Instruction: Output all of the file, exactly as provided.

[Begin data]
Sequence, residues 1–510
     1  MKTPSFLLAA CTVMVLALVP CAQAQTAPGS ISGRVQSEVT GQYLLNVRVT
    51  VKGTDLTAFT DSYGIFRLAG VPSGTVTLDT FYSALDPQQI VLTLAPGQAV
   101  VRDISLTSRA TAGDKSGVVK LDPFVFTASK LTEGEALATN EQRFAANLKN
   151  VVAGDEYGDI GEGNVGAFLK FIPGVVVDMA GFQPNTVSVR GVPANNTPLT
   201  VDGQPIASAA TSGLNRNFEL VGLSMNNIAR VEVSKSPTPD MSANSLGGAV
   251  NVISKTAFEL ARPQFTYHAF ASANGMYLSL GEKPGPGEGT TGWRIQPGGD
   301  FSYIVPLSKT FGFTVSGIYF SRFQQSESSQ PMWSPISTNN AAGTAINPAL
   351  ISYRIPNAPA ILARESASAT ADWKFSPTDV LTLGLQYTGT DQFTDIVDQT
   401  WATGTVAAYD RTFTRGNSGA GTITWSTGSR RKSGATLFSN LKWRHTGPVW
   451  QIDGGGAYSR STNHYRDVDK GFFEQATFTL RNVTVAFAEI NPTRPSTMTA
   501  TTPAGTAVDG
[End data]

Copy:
Sequence, residues 1–510
     1  MKTPSFLLAA CTVMVLALVP CAQAQTAPGS ISGRVQSEVT GQYLLNVRVT
    51  VKGTDLTAFT DSYGIFRLAG VPSGTVTLDT FYSALDPQQI VLTLAPGQAV
   101  VRDISLTSRA TAGDKSGVVK LDPFVFTASK LTEGEALATN EQRFAANLKN
   151  VVAGDEYGDI GEGNVGAFLK FIPGVVVDMA GFQPNTVSVR GVPANNTPLT
   201  VDGQPIASAA TSGLNRNFEL VGLSMNNIAR VEVSKSPTPD MSANSLGGAV
   251  NVISKTAFEL ARPQFTYHAF ASANGMYLSL GEKPGPGEGT TGWRIQPGGD
   301  FSYIVPLSKT FGFTVSGIYF SRFQQSESSQ PMWSPISTNN AAGTAINPAL
   351  ISYRIPNAPA ILARESASAT ADWKFSPTDV LTLGLQYTGT DQFTDIVDQT
   401  WATGTVAAYD RTFTRGNSGA GTITWSTGSR RKSGATLFSN LKWRHTGPVW
   451  QIDGGGAYSR STNHYRDVDK GFFEQATFTL RNVTVAFAEI NPTRPSTMTA
   501  TTPAGTAVDG